Anglers will be armed with pollution monitoring kits as part of a major new project to monitor levels of toxic chemicals in streams and rivers - starting with the River Severn.
The Angling Trust wants to use its thousands of members as so-called "citizen scientists", providing regular data on pollutants such as phosphates and nitrates, to help expose the full scale of the problem.
It comes after an investigation by ITV News Central last year found some Midlands rivers choking on phosphate levels up to 50 times higher than safe limits.
Glyn Marshall, who heads up the Severn Fisheries Group, was inspired to purchase his own measuring kit after seeing those findings, and has been taking readings ever since.
He said he’s been “shocked” by the level of pollutants he has consistently found in the water.
Now, he’s one of the first to sign up to the Angling Trust’s new scheme, entitled the Water Quality Monitoring Network.
Launching on the Severn, the Trust hopes that it will then be able to recruit other angling groups in different river catchments across the country by the end of the year.
"Anglers are passionate about the places they fish and have long been working on the preservation and restoration of freshwater habitats.
"Whether it’s club work parties, volunteering on Rivers Trust projects, undertaking riverfly monitoring, litter picks or bailiffing, anglers are a potent force for good and often unsung heroes,” said Angling Trust campaigns and advocacy manager Kris Kent.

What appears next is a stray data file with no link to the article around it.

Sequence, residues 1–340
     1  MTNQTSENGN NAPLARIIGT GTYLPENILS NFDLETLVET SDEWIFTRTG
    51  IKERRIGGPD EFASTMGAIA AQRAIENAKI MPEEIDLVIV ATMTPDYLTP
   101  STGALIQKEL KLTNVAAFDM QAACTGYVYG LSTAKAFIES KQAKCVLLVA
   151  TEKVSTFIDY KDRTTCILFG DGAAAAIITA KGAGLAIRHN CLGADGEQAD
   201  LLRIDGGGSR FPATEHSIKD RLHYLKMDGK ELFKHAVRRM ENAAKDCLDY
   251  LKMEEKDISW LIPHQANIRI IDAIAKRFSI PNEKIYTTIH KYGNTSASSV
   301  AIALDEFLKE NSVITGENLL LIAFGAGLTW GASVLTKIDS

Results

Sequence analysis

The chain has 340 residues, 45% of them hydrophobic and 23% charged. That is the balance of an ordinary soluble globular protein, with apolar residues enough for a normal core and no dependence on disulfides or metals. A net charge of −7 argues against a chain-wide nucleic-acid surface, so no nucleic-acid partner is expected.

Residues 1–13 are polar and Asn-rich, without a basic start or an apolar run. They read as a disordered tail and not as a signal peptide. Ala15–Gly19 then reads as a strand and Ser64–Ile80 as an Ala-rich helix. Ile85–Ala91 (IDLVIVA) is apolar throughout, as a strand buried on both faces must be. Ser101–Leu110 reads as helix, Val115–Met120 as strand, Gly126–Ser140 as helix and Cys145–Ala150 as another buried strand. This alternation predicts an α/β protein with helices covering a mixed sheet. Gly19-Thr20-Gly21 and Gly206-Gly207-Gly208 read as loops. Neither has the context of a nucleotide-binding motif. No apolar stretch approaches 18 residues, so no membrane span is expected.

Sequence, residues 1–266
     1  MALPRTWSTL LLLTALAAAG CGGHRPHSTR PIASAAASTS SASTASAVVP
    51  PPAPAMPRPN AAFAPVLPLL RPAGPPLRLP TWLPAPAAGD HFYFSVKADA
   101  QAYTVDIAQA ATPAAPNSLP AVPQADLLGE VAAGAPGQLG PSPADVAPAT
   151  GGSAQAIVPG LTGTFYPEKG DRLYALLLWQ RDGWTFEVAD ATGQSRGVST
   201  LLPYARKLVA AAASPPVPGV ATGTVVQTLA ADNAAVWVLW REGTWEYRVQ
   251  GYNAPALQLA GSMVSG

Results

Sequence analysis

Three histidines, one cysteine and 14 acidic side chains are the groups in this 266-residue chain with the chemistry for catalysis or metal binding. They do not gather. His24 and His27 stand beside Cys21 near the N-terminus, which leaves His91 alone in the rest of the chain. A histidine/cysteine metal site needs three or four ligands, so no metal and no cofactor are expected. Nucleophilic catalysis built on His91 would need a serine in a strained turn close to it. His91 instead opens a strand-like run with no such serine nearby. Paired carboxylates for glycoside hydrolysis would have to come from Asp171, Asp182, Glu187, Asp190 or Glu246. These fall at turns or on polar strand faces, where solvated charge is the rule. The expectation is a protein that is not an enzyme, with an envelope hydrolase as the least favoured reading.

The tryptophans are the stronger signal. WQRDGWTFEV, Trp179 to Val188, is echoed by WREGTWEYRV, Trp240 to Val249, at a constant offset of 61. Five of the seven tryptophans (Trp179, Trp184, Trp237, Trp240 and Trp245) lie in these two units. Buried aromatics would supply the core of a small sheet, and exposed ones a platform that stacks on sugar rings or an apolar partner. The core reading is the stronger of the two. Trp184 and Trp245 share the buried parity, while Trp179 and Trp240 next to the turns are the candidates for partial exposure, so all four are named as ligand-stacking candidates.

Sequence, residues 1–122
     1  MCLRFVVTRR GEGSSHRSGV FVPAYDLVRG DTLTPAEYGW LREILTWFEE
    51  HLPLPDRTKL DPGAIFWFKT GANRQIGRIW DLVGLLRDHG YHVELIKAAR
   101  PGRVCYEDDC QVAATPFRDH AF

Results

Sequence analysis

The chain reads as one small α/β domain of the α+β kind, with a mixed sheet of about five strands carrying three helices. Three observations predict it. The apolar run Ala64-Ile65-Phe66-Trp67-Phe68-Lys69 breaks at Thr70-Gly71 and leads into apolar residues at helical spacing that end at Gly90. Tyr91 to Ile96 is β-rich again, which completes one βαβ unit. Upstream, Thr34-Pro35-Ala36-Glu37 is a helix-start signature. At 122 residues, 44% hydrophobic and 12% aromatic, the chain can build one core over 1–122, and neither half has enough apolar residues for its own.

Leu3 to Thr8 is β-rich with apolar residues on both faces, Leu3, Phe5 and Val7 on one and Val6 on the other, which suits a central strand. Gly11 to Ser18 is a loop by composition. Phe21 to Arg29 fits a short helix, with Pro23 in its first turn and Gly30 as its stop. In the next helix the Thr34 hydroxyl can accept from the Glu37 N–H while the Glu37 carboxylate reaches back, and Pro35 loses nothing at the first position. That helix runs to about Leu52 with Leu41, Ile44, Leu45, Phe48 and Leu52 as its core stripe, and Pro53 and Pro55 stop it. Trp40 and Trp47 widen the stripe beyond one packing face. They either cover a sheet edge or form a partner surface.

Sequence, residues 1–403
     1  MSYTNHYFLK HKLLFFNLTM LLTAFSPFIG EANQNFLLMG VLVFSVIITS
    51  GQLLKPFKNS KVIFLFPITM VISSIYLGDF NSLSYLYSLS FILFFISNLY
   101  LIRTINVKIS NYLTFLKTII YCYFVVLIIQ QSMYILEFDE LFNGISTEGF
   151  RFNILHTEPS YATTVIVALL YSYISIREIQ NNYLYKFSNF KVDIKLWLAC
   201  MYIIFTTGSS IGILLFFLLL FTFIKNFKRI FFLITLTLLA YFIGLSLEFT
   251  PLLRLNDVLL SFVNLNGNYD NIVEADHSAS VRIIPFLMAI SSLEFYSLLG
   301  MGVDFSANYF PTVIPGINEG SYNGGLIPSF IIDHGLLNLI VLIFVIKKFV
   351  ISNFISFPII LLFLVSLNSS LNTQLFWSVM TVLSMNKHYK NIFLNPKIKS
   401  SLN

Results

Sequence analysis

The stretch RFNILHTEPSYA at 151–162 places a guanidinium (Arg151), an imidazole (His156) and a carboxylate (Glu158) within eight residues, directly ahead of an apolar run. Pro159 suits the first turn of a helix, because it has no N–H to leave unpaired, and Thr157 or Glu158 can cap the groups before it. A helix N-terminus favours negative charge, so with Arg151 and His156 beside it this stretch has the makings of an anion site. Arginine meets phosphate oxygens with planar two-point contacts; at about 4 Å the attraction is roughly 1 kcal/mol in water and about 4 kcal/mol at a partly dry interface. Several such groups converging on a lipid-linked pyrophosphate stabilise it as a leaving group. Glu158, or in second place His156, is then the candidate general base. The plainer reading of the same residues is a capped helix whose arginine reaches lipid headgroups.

"The Water Quality Monitoring Network aims to harness the power of angling clubs and anglers to understand the quality of water across England and to establish a solid foundation of data which can be used to better understand the factors affecting water quality.
"This data will also aid in the development of effective solutions to improve water quality, and will provide the Angling Trust with evidence to support its campaigning."
The data collected will include both phosphates and nitrates, as well as testing temperature, water levels, flow rates and the presence of algal blooms, among other factors.
The Trust is now urging more anglers and angling clubs to sign up to take part.
An Environment Agency spokesperson said: “We welcome the various citizen science initiatives that contribute valuable information on water quality to help everyone involved to identify and prioritise action.
“The water quality and the ecological health of rivers must improve. The main sources of pollution are agriculture and the water industry and there is a growing threat from plastics and forever chemicals.
“We are in the process of writing an action plan for the River Severn to address how we can help salmon in the Severn recover stocks to a sustainable level. This includes regulation, advice and actions for all sectors who have an impact on the river.”